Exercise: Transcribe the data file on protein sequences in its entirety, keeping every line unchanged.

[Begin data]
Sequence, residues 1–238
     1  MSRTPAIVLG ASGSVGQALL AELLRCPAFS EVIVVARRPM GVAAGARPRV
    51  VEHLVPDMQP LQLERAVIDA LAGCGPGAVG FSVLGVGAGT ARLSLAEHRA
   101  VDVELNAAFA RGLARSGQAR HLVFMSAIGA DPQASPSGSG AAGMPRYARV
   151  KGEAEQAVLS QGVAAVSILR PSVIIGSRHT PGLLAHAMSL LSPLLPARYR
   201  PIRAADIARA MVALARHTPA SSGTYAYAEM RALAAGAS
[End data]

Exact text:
Sequence, residues 1–238
     1  MSRTPAIVLG ASGSVGQALL AELLRCPAFS EVIVVARRPM GVAAGARPRV
    51  VEHLVPDMQP LQLERAVIDA LAGCGPGAVG FSVLGVGAGT ARLSLAEHRA
   101  VDVELNAAFA RGLARSGQAR HLVFMSAIGA DPQASPSGSG AAGMPRYARV
   151  KGEAEQAVLS QGVAAVSILR PSVIIGSRHT PGLLAHAMSL LSPLLPARYR
   201  PIRAADIARA MVALARHTPA SSGTYAYAEM RALAAGAS